Aliquippa Mayor Daniel Britza -- flanked by unemployed steelworker Charlie Williams and the Rev. Jay Geisler, whose parish is overwhelmed by joblessness -- urged members of Congress to travel in this country instead of foreign lands during their upcoming recess. "If you come to Aliquippa and look at our problems, instead of going to China and the Philippines and these exotic places . . . then you'll find there is no problem that cannot be solved," Britza said.

From the Capitol Hill satellite feed at the Sheraton Grand Hotel, Sen. John Heinz (R-Pa.), a prime mover of the Senate trade bill that has 37 cosponsors, told viewers in the 55 communities that the Senate will pass legislation by Labor Day aimed at curbing "dumping" of cheap foreign imports unfairly subsidized by foreign governments.

"Our trade laws are now the weakest in the world, and besides that, they are not enforced," said Rep. John D. Dingell (D-Mich.), speaking on a congressional panel with Heinz, as about 200 labor union members, some wearing hard hats, looked on.

"We hope this event contributes to increased understanding of the crucial question of whether America is going to have an industrial base in the next century," Steelworkers President Lynn Williams said in an interview before the event.

The Steelworkers union cited Labor Department estimates that 11.5 million industrial jobs have been lost in plant closings since 1979, and the union said many of those closings were brought on by cheaper foreign imports of steel and textiles.

AFL-CIO President Lane Kirkland also warned that high-tech and service industry jobs "cannot be our salvation" without a manufacturing base. "Silicon chips have no value in and of themselves. If our industrial base disappears, so will our need for robots, lasers and computers," he said.

Amory Houghton Jr., chief executive of the Corning Glass Co. in New York, said that American innovation in high technology is undermined by unfair trade. Corning has pioneered fiber-optic cables for telecommunications that sell for 50 cents per meter -- only 25 percent of Japan's $2 cost, Houghton said. "But we have not sold a single strand of cable in Japan" because the Japanese prevent it.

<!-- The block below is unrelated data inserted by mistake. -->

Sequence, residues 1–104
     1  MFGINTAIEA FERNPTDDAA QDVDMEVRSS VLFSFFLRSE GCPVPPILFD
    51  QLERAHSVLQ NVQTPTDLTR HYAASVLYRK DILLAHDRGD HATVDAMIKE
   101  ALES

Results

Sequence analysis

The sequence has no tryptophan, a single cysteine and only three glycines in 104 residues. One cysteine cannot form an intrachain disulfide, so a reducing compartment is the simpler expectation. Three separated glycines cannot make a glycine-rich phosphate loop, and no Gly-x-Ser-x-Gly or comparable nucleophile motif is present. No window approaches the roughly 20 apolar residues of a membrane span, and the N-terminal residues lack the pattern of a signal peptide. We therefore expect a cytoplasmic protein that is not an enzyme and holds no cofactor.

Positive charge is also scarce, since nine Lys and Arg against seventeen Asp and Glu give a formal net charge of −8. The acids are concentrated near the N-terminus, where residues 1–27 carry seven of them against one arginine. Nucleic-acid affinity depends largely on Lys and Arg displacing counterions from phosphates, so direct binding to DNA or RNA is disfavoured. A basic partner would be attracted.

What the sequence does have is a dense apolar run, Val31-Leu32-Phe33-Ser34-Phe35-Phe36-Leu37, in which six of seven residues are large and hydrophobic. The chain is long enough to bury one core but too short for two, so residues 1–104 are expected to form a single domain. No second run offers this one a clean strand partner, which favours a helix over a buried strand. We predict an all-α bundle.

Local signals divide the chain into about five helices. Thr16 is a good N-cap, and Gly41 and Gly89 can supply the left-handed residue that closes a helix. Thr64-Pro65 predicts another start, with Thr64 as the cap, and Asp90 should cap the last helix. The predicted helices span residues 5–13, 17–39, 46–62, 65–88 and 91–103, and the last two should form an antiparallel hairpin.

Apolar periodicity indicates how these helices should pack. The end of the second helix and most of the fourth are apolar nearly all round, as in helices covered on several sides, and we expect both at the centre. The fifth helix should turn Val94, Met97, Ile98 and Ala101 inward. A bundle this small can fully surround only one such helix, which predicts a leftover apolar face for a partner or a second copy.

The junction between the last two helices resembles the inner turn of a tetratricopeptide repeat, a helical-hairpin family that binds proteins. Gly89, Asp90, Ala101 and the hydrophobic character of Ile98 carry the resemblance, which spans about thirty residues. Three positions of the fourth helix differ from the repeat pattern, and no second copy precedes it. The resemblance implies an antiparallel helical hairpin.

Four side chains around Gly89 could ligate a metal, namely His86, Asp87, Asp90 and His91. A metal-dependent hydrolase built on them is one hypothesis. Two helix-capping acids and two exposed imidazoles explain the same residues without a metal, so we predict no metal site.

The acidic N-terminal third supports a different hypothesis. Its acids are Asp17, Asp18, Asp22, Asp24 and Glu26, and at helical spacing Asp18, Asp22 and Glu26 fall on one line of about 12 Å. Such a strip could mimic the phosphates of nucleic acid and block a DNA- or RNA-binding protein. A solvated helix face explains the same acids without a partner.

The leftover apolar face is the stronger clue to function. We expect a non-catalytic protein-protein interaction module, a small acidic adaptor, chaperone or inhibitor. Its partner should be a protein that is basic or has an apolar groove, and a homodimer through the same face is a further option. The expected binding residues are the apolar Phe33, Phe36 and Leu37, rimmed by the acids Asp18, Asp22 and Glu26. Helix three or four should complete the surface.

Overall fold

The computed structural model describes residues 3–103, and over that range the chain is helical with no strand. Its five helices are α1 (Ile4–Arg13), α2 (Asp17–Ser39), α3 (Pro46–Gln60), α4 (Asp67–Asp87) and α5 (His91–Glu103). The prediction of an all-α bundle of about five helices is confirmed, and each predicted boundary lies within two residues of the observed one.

From Hagerstown, on the factory floor of C.M. Offray & Sons, company Vice President Phillip Portner said the jobs of 700 textile workers who make ribbon there are threatened, despite the company's multimillion-dollar investment in high-speed weaving technology. Japan, he said, can still sell ribbon here for less than it costs Offray to produce.

Yesterday's event was the culmination of an unusual three-month lobbying and ad campaign cosponsored by the Steelworkers union and five steel companies, Bethlehem Steel Corp., LTV Steel Co., National Steel Corp., Inland Steel Co. and Armco Inc. The event featured performances and messages by Larry Gatlin and The Gatlin Brothers, singer Johnny Cash, and actors Cathy Lee Crosby and Michael Keaton.

"We have the disease of denial, in terms of acknowledging that we really have a problem," the Rev. Geisler said from Aliquippa, urging politicians to focus attention on Rust Belt troubles. "The problem here is that a lot of people have already given up hope."